The Invisible Manual Scavengers of India

  • Shashwata Sahu
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  • Shashwata Sahu

    LLM student at KIIT School of Law, India.

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The act of another individual picking up human excreta with his or her hands is known as Manual Scavenging. It's used in the cleaning of dry latrines and septic tanks. Manual scavengers clean the excreta with hand apparatuses like pails, brushes, and digging tools, and they rarely wear personal protective equipment. Untouchability and manual scavenging go hand in hand and are the most distinct results of the caste system. The caste system's brutal cruelty means that everyone who comes close to an untouchable becomes an untouchable. Despite the fact that manual scavengers are members of the Dalit community, Dalit groups have never advocated for their liberation due to casteist beliefs and patriarchal views. The caste system encourages people to believe that all filthy work belongs to Dalits. As a result, not just the ruling feudal castes, but also those Dalit castes that do not scavenge, no longer consider manual scavengers to be humans. Nobody wanted to stare at the dreadful misery that surrounded them. Everyone wanted to close their eyes, put their handkerchiefs over their noses, and deny the existence of this unseen world of manual scavengers. In reality, they would rather be unnoticed. It is quite depressing to observe that such practises persist in India after 74 years of freedom. This paper seeks to understand the dehumanizing practice of manual scavenging in India. This paper will also propose corrective methods and constructive strategies for integrating the scavenging community into our country's mainstream and making a substantial contribution to its growth.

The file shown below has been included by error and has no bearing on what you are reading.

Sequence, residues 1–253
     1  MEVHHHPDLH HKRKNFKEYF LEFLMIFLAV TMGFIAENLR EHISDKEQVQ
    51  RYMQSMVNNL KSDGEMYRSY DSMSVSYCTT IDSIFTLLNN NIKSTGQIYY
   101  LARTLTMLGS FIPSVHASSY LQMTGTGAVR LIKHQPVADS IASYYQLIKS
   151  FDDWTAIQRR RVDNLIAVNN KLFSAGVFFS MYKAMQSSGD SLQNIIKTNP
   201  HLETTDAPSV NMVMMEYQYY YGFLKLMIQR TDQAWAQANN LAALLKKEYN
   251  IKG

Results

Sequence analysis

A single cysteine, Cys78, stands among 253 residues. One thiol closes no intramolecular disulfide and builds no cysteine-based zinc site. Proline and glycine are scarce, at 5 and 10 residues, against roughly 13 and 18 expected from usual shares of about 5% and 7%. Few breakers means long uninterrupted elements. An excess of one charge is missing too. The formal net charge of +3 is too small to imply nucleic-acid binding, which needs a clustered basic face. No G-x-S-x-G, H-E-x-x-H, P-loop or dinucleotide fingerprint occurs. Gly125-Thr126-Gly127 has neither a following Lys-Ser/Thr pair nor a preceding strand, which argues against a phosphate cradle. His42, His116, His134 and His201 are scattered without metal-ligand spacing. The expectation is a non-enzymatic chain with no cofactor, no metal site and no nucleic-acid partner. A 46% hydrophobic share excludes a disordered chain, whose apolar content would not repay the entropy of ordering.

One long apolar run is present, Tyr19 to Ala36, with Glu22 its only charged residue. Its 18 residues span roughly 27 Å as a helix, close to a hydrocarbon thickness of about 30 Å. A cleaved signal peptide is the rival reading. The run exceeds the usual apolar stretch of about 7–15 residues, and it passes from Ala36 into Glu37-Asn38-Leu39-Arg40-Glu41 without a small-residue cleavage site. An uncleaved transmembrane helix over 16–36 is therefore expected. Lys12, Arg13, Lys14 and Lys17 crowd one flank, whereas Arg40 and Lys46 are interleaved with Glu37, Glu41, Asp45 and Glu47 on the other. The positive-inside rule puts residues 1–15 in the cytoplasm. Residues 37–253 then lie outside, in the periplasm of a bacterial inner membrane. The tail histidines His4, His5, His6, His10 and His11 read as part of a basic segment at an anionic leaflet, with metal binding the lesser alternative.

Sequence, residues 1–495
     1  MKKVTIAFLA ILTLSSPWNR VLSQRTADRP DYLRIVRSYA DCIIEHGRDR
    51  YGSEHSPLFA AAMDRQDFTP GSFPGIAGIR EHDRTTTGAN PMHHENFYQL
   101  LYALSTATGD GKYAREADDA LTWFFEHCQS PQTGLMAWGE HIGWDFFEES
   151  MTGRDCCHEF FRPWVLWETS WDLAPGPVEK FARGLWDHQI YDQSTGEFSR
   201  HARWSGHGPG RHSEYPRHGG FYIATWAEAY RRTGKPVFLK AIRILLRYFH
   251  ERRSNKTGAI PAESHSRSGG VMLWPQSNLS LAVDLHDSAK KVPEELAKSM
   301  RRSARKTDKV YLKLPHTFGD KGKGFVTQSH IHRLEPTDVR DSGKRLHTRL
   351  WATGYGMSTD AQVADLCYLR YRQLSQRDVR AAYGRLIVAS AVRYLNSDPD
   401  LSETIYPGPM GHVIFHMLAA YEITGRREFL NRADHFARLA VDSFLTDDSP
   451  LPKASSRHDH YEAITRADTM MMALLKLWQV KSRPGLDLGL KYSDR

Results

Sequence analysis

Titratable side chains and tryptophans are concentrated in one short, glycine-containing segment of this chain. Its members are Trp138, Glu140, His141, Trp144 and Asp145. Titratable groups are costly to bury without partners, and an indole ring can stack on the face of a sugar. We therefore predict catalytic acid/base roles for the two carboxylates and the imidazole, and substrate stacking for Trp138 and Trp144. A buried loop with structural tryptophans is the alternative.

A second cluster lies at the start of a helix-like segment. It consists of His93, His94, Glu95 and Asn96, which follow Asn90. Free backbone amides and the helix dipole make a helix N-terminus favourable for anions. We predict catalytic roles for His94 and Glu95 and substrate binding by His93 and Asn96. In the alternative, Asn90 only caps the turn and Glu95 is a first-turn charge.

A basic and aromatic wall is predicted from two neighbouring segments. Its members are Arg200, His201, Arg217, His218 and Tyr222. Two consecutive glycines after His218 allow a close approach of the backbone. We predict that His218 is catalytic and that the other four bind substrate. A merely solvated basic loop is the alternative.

Research Paper


International Journal of Law Management and Humanities, Volume 5, Issue 1, Page 2115- 2127


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